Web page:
Mirror Worlds, LLC v. Apple, Inc.

Filing 403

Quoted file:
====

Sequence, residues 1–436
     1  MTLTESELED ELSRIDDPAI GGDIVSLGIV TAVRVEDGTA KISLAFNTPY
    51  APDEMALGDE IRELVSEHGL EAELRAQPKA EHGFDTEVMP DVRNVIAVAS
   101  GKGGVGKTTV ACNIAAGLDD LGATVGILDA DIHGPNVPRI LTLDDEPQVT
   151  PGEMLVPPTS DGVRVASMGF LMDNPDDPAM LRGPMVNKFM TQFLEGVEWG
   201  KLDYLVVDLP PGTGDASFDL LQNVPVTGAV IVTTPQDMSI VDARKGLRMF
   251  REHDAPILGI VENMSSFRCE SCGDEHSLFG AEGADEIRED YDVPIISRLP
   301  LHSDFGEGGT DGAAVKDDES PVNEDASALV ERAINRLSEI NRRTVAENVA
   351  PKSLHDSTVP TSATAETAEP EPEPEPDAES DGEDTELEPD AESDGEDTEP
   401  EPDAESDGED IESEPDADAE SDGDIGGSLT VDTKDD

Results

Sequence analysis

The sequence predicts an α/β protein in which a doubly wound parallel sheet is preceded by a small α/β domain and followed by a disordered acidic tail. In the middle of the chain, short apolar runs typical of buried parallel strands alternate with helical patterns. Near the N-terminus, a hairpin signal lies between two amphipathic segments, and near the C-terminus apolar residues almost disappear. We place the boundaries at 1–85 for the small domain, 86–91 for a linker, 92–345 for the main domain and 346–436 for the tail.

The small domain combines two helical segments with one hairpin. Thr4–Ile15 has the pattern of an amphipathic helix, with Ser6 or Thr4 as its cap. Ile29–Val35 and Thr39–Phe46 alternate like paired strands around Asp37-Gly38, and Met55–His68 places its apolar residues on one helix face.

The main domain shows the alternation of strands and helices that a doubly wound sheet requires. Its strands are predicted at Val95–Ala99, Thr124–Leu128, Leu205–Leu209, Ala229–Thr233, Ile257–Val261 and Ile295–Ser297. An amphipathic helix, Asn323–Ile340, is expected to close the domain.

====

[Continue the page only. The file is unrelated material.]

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Mirror Worlds, LLC v. Apple, Inc. Doc. 403 UNITED STATES DISTRICT COURT EASTERN DISTRICT OF TEXAS TYLER DIVISION MIRROR WORLDS, LLC, Plaintiff, Civil Action No. 6:08-CV-88 LED JURY TRIAL DEMANDED v. APPLE, INC., Defendant. APPLE, INC., Counterclaim Plaintiff, v. MIRROR WORLDS, LLC, MIRROR WORLDS, TECHNOLOGIES, INC., Counterclaim Defendants. PLAINTIFF MIRROR WORLDS, LLC'S BRIEF REGARDING METHOD CLAIMS 13 AND 22 OF THE `227 PATENT AND CLAIMS 1-3 AND 9-11 OF THE `313 PATENT AND MOTION FOR RECONSIDERATION REGARDING THE COURT'S GRANT OF JMOL OF NO INDUCEMENT OR CONTRIBUTORY INFRINGEMENT Dockets.Justia.com TABLE OF CONTENTS Apple's Sale and Offer for Sale of The Accused Products Directly Infringe the I. Asserted Method Claims ................................................................................................................. 1 II. III. IV. V. VI. Direct Infringement ....................................................................................................... 2 Contributory Infringement ............................................................................................ 3 Inducing Infringement .................................................................................................. 4 Damages:....................................................................................................................... 5 Motion for Reconsideration: ......................................................................................... 6 -i- I. APPLE'S SALE AND OFFER FOR SALE OF THE ACCUSED PRODUCTS DIRECTLY INFRINGE THE ASSERTED METHOD CLAIMS Apple committed direct infringement of the asserted method claims by offering to sell its Tiger (227 Patent, claims 13 and 22) and its Leopard and Snow Leopard (227 patent, claims 13 and 22 and 313 patent, claims 1-3 and 9, 11) operating systems. In Elantech Devices Corp. v. Synaptics, Inc., the court denied summary judgment of noninfringement, finding that the accused products contained software that "present[ed] users with options to enable infringing functionality, regardless of whether the users ever activate or utilize those functions." 2007 WL 3256229 at *6 (N.D. Cal. 2007). The court determined that "one way for the Accused Touchpads to carry out the `providing an indication' step is to provide purchasers (e.g. computer manufacturers) with options that can enable [the claimed functions], regardless of whether the purchasers are shown to have used those functions." Id. at *6; see also Transamerica Life Insurance Co. v. Lincoln Nat'l Life Insurance Co., 597 F.Supp.2d 897 (N.D. IA 2009) . Because the Plaintiff showed that the accused products were "reasonably capable" of carrying out the "providing" step of the asserted method and device claims, users [could] access this functionality, and [the Defendant] `intended or anticipated' such usage." Id. Thus, the accused devices met the disputed limitation of the asserted claims and the Defendant's motion was denied. Likewise, Mirror Worlds presented ample evidence that Apple's accused products perform the methods of the Asserted Method Claims. Here, it is the accused products that perform each step of the claimed methods, not the users. Apple's user surveys (PTX 64, 65) manuals, and user guides (PTX 978, 1676; Bratic Demonstrative (iMac user guide)) and sales presentations are strong circumstantial evidence of direct infringement by sale and "offer to sell" by Apple. Furthermore, Mirror Worlds presented evidence of direct infringement by Apple by virtue of its CEO Steve Jobs demonstrating the -1- Spotlight search functionality at the 2005 MacWorld conference. PTX 1168; see also 1932. Thus, Apple's conduct meets the test for infringement of "an offer for sale." Rotec Indus., Inc. v. Mitsubishi Corp., 215 F.3d 1246, 1254 (Fed. Cir. 2000)( requires no more than a commercial offer for sale). Apple has offered the infringing method for sale - a method that can be carried out by operating systems and its computers containing them. Section 271(a) provides that "whoever without authority ... offers to sell ... any patented invention ... infringes the patent." 35 U.S.C. 271 (a) (emphasis added). The "offer to sell" language was added to the statute in 1994, a year after the Federal Circuit decided the Joy v. Flakt (6 F. 3d 770 (Fed. Cir. 1993)) case relied on by Apple. Section 101 confirms that a patented invention includes "any new and useful process." 35 U.S.C. 101. Thus, on its face, the statute provides a remedy for offering a method for sale. "As in all statutory construction cases, [the court] begin[s] with the language of the statute. The first step `is to determine whether the language at issue has a plain and unambiguous meaning with regard to the particular dispute in the case.' The inquiry ceases `if the statutory language is unambiguous and the *43 statutory scheme is coherent and consistent.' " Barnhart v. Sigmon Coal Co., 534 U.S. 438, 450 (2002) (quoting Robinson v. Shell Oil Co., 519 U.S. 337, 340 (1997)). The plain language of 271(a) provides liability for offering to sell any patented invention. If Congress did not intend to impose liability for offering to sell any invention, it could have created a distinct rule for process patents. Indeed, in 1988, Congress did create a special rule for process patents in 271(g), making unlawful the sale of products made by a patented process. See Process Patents Amendments Act of 1988, Pub. L. No. 100-418, Title IX.. II. DIRECT INFRINGEMENT -2- Even under the Joy Tech standard, Mirror Worlds has presented sufficient evidence of direct infringement to support its claim of contributory infringement of method claims 1 and 22 of the 227 patent and claims 103 and 9-11 of the 313 patent. To infringe a method claim, an accused product must have practiced all steps of the claimed method. See Joy Techs., Inc. v. Flakt, Inc., 6 F.3d 770, 775 (Fed.Cir.1993) ("A method claim is directly infringed only by one practicing the patented method."); see also 35 U.S.C. 271 (2006). Just as anticipation can be found by a single prior art use, a finding of infringement can rest on as little as one instance of the claimed method being performed during the pertinent time period. Circumstantial evidence of direct infringement is sufficient to permit a jury to find that at least one other person within the United States during the relevant time period had performed the claimed method. Lucent Tech. v. Gateway, Inc., 580 F.3d 1301, 1318 (Fed Cir 2009). Here, Apple not only designed the accused products to practice the claimed inventions, but also instructed its customers to use the accused products in an infringing way. (PTX 1205, 1206, 1207, 1208, 1209, 1932, 1201, 1202, 1203, 1204, 978, 1676; Bratic Demonstrative (iMac user guide)). III. CONTRIBUTORY INFRINGEMENT Under 35 U.S.C. 271(c), a party is liable for infringement if he "offers to sell or sells within the United States or imports into the United States ... a material or apparatus for use in practicing a patented process, constituting a material part of the invention, knowing the same to be especially made or especially adapted for use in an infringement of such patent, and not a staple article or commodity of commerce suitable for substantial noninfringing use." "In order to succeed on a claim of contributory infringement, in addition to proving an act of direct infringement, plaintiff must show that defendant `knew that the combination for which its -3- components were especially made was both patented and infringing' and that defendant's components have `no substantial non-infringing uses.' " Cross Med. Prods., Inc. v. Medtronic Sofamor Danek, Inc., 424 F.3d 1293, 1312 (Fed.Cir.2005) (quoting Golden Blount, Inc. v. Robert H. Peterson Co., 365 F.3d 1054, 1061 (Fed.Cir.2004)). The relevant inquiry with respect to whether there are any substantial non-infringing uses is on the accused features, not the entire operating system or the entire computer. Lucent, 580 F.3d at 1320; see also, Ricoh Co. v. Quanta Computer Inc., 550 F.3d 1325, 1337 (Fed.Cir.2008), cert. denied, (an infringer "should not be permitted to escape liability as a contributory infringer merely by embedding [the infringing apparatus] in a larger product with some additional, separable feature before importing and selling it.") Here, the accused features have no noninfringing uses. In fact, the accused features are suitable only for an infringing use, and including the accused features within the larger operating system does not change the fact that the accused features infringe. Because Apple included the accused features in its operating systems, the jury can reasonably conclude, based on the evidence presented, that Apple intended that users of its computers and other devices to use the accused features and the only intended use of the accused features infringes the patents at issue. IV. INDUCING INFRINGEMENT A party who "actively induces infringement of a patent shall be liable as an infringer."35 U.S.C. 271(b). Under this provision, "[t]he plaintiff has the burden*1322 of showing that the alleged infringer's actions induced infringing acts and that he knew or should have known his actions would induce actual infringements." Manville Sales Corp. v. Paramount Sys., Inc., 917 F.2d 544, 553 (Fed.Cir.1990), quoted in DSU Med. Corp. v. JMS Co., 471 F.3d 1293, 1306 (Fed.Cir.2006) (en banc in relevant part). "[A] finding of inducement requires a threshold finding of direct infringement either a finding of specific instances of direct infringement or a finding -4- that the accused products necessarily infringe." Ricoh, 550 F.3d at 1341 (citing ACCO Brands, 501 F.3d at 1313). "[I]nducement requires evidence of culpable conduct, directed to encouraging another's infringement, not merely that the inducer had knowledge of the direct infringer's activities." DSU Med., 471 F.3d at 1306. A plaintiff may still prove the intent element through circumstantial evidence, just as with direct infringement, as discussed above. See id.; see also Fuji Photo Film Co. v. Jazz Photo Corp., 394 F.3d 1368, 1377 (Fed.Cir.2005) ("A patentee may prove intent through circumstantial evidence."); Water Techs. Corp. v. Calco, Ltd., 850 F.2d 660, 668 (Fed.Cir.1988) ("While proof of intent is necessary, direct evidence is not required; rather, circumstantial evidence may suffice."). Evidence of active steps taken to induce infringement, such as advertising an infringing use, can support a finding of an intention for the product to be used in an infringing manner. DSU Med., 471 F.3d at 1305 (citing Grokster, 545 U.S. at 932, 125 S.Ct. 2764). As described in Lucent, the patentee need only prove that the defendant (here Apple) possessed the requisite intent to induce at least one user of its products to infringe the claimed method. Lucent at 1323. Here, Apple demonstrated and promoted infringing uses of the accused products and conferences (PTX 1205, 1206, 1207, 1208, 1209, 1932, 1201, 1202, 1203, 1204) and offered user manuals (PTX 978, 1676) that promoted the infringing features, all of which are in evidence. Accordingly, Mirror Worlds has met that burden. V. DAMAGES: If Apple's motion is granted the `227 and `313 patents will be out of the case--the remaining claims will be claims 1, 8, 16, 18 and 25 of the `427 patent (which is all the asserted claims of the `427 patent). Since Tiger is accused of infringing only the `227 patent, that product will be out of the case. It will reduce damages to Mirror Worlds by an additional 4% over the 50% reduction resulting from the Court's ruling dismissing the iPhone, iPods and iPad from the -5- case. Of course, it will reduce the damages to zero if the jury would have found one of the dismissed claims infringed, but does not find any of the remaining claims infringed. The jury currently does not have sufficient information before it to determine the appropriate damages in the above situation. Mirror Worlds believes that eliminating so many claims at this point and reopening evidence would be highly prejudicial. Accordingly, in the event that the Court grants Apple's motion, Mirror Worlds proposes that the Court simply reduce any damages returned by the jury by 4% if the jury finds the `427 patent infringed, and to zero otherwise. VI. MOTION FOR RECONSIDERATION: Mirror Worlds also respectfully requests that the Court reconsider its grant of JMOL of no contributory infringement or inducement. Apple's motion was based on its argument that Dr. Levy did not opine on contributory infringement or inducement. However, there is no requirement that Mirror Worlds specifically submit expert testimony in order to prevail on on contributory infringement or inducement. Indeed a patent owner is not required to submit expert testimony at all. Here, Mirror Worlds has submitted more than ample evidence that Apple's customers use the accused Spotlight, Time Machine and Cover Flow features in Apple's accused operating systems. For example, Mirror Worlds submitted survey evidence that 64% of customers found Spotlight to be the most beneficial feature of Tiger. PTX0064. Clearly then, at least 64% of Apple's customers must have used Spotlight in order to find it the most beneficial feature. Similarly, Mirror Worlds submitted survey evidence concerning Leopard, showing the percentage of Leopard customers that identified the Spotlight, Time Machine, and Cover Flow as the "most desired" technology. PTX0065. Again, customers must have used those features in -6- order to identify them as "most desired." There is considerable additional evidence of record of actual usage of these features by Apple's customers. These features have no substantial noninfringing use. Their inclusion in Apple's products result in contributory infringement. In additional, there is substantial evidence of record that Apple actively encourages its customers to use these products. For example, there are videos in evidence showing Steve Jobs promoting the Spotlight, Time Machine and Cover Flow features, as well numerous marketing materials doing the same. Apple knows that such use results in infringement by Apple's customers and, therefore, actively induces infringement. Mirror Worlds' counsel should be permitted to tie all the evidence of record at closing so that the jury can reach a conclusion as to whether Apple is liable for contributory infringement or inducement. Dated: September 30, 2010 Respectfully submitted, By: /s/ Alexander Solo Otis Carroll, Lead Counsel (Texas State Bar No. 03895700) Deborah Race (Texas State Bar No. 16448700) IRELAND CARROLL & KELLEY, P.C. 6101 S. Broadway, Suite 500 Tyler, Texas 75703 Tel: (903) 561-1600 Fax: (903) 581-1071 Email: Fedserv@icklaw.com Joseph Diamante (Pro Hac Vice) Kenneth L. Stein (Pro Hac Vice) Ian G. DiBernardo (Pro Hac Vice) Alexander Solo (Pro Hac Vice) Iuliana Tanase, (Pro Hac Vice) STROOCK & STROOCK & LAVAN LLP 180 Maiden Lane New York, N.Y. 10038 -7- Tel: (212) 806-5400 Email: asolo@stroock.comSTROOCK & STROOCK & LAVAN LLP 180 Maiden Lane New York, N.Y. 10038 Tel: (212) 806-5400 Email: asolo@stroock.com ATTORNEYS FOR PLAINTIFF MIRROR WORLDS LLC -8- CERTIFICATE OF SERVICE The undersigned hereby certifies that all counsel of record who are deemed to have consented to electronic service are being served with a copy of this document this 30th day of September, 2010, via the Court's CM/ECF system per Local Rule CV-5(a)(3). /s/ Alexander Solo